Galway Hookers & The Claddagh

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Galway City Museum’s programme of events caters for a variety of audiences and interests, comprising gallery tours, illustrated talks, art and craft workshops, art classes and lectures. Enjoy our current series of online workshops here!

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Boatbuilder Cóilín Óg Hernon discusses the various parts of the Galway Hooker boat and boatman Ciaran Oliver follows with a short history of the Claddagh fishing village, which was once home to a large fleet of these distinctive boats. 

With their distinctive black hulls and eye-catching rust-red sails, Galway Hookers are the traditional boats of Galway Bay. Having evolved to withstand the rough Atlantic seas, these boats were traditionally used for fishing and for transporting cargo – turf, seaweed, limestone, livestock and general supplies – around the coasts of Galway and North Clare. They consist of four types of boat, known in Irish as Bád Mór, Leathbhád, Gleoiteog and Púcán.

The Claddagh was once home to the largest fishing fleet in Co. Galway. In the nineteenth and early twentieth centuries, this village of small thatched houses was occupied by Irish-speaking fishermen and their families, and headed by an elected king.

Part 1: Cóilín Óg Hernon – Galway Hooker Boat

From a family of expert bádóirí – sailors and boatbuilders – Cóilín Óg Hernon hails from Carna in Connemara. He learned the boat-building trade from his father, Cóilín Hernon. The Hernons are currently restoring a small Galway Hooker named the Loveen on behalf Galway Hooker Sailing Club, which will be launched later in 2021.

From the workshop of the Galway Hooker Sailing Club, Cóilín Óg uses a model of Galway Hooker and a full-sized boat, the Loveen, which is currently being reconstructed, to demonstrate the various elements of the iconic boat.

  • You can download an infographic, in English or Irish, about Galway Hookers HERE
  • How does a Galway Hooker stay afloat in water while small things, such as pebbles or stones, sink? Click HERE to find out and learn about the Archimedes Principal.

Part 2: Ciaran Oliver – The Claddagh

Ciaran Oliver comes from the Claddagh, said to be the oldest fishing village Ireland. His family still fish to this day and he is heavily involved in the preservation and restoration of the city’s fleet of Galway Hookers through the local Galway Hooker Sailing Club. Ciaran’s great granduncle, Martin Oliver, was a former ‘King of the Claddagh’. The full-sized Galway Hooker, which hangs from the atrium of Galway City Museum, is named the Máirtín Oliver in his memory.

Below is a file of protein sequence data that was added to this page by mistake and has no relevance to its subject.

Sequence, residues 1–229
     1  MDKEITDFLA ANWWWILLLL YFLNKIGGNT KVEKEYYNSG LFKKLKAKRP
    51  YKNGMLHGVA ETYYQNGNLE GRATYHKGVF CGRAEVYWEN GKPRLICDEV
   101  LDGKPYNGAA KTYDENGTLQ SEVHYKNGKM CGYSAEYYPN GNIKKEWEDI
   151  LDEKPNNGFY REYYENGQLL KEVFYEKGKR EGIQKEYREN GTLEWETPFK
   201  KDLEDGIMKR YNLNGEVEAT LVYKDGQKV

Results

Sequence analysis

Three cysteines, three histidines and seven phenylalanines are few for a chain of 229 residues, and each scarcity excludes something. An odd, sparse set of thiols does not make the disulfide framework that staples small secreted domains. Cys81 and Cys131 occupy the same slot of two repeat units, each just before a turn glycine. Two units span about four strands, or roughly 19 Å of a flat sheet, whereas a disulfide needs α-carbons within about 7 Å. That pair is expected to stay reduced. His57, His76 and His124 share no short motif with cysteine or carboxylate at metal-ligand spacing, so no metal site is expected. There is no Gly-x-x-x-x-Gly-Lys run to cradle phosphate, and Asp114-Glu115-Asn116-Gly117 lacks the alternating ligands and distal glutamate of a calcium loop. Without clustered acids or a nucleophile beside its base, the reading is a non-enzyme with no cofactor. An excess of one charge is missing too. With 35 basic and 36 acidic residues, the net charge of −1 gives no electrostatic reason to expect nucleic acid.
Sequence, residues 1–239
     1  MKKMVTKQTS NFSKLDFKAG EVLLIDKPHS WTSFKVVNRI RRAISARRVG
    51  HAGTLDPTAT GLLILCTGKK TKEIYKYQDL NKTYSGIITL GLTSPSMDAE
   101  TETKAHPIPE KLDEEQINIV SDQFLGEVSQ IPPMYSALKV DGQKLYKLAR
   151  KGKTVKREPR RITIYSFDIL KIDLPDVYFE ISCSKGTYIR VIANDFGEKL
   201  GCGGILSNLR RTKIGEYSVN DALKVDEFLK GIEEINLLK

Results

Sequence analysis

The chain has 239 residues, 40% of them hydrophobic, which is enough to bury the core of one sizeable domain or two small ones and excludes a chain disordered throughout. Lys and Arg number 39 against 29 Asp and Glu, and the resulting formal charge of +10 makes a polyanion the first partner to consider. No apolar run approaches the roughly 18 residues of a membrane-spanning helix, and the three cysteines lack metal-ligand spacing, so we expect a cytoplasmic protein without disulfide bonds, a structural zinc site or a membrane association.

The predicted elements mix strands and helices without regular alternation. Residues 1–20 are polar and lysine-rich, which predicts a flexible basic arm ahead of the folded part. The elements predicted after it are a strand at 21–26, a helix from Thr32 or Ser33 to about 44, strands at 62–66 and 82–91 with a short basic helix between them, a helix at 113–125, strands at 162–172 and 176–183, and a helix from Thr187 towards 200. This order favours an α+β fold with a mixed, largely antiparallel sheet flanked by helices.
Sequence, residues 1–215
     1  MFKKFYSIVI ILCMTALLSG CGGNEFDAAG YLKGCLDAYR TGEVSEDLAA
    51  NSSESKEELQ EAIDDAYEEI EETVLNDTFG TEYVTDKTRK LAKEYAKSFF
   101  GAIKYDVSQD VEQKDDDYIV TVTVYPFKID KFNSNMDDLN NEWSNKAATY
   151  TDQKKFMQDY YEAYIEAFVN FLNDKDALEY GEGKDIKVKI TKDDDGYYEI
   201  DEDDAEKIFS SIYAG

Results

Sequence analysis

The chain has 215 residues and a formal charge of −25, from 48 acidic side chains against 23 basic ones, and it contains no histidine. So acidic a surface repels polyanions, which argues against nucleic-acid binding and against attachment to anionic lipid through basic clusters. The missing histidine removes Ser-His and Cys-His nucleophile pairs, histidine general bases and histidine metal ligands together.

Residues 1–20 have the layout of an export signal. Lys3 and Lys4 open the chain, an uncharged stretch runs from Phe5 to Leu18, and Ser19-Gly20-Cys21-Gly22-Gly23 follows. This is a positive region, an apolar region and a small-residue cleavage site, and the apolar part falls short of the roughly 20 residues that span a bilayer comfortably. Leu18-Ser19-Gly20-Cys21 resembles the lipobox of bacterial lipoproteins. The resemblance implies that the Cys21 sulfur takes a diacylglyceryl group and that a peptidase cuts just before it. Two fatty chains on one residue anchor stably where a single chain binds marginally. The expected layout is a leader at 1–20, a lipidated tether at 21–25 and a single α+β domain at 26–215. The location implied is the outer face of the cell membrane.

Ciaran discusses the history of the Claddagh fishing village, sharing old and new photographs to show how the village has changed over time. Can you recognise any of these areas?

This Galway City Museum initiative is supported by Creative Ireland through Galway City Council.


Curriculum Links

Age: 3rd to 6th Classes

History:  Strand (Unit) Local Studies (My Locality Through the Ages)

Visual Arts:  Strand (Unit): Construction (Making Constructions; Looking and Responding)

Social, Environmental and Scientific Education:  Strand (Unit): Energy and Forces (Forces)


MUSEUM OPENING TIMES
Galway City Museum is open Tuesday to Saturday

Visitors will have access to both the ground floor and first floor galleries.  The second floor will remain closed until the new Sea Science exhibition works have been completed.  Admission remains FREE but TICKETS will be an essential requirement. By clicking BOOK TICKET on this page, visitors can choose from one of four daily time slots, 10am; 11.30am, 2pm and 3.30pm. Tickets will need to be presented as a printout OR on your mobile phone at the main entrance.  Visitors are asked to review the museum’s reopening guidelines on Eventbrite when making their booking.

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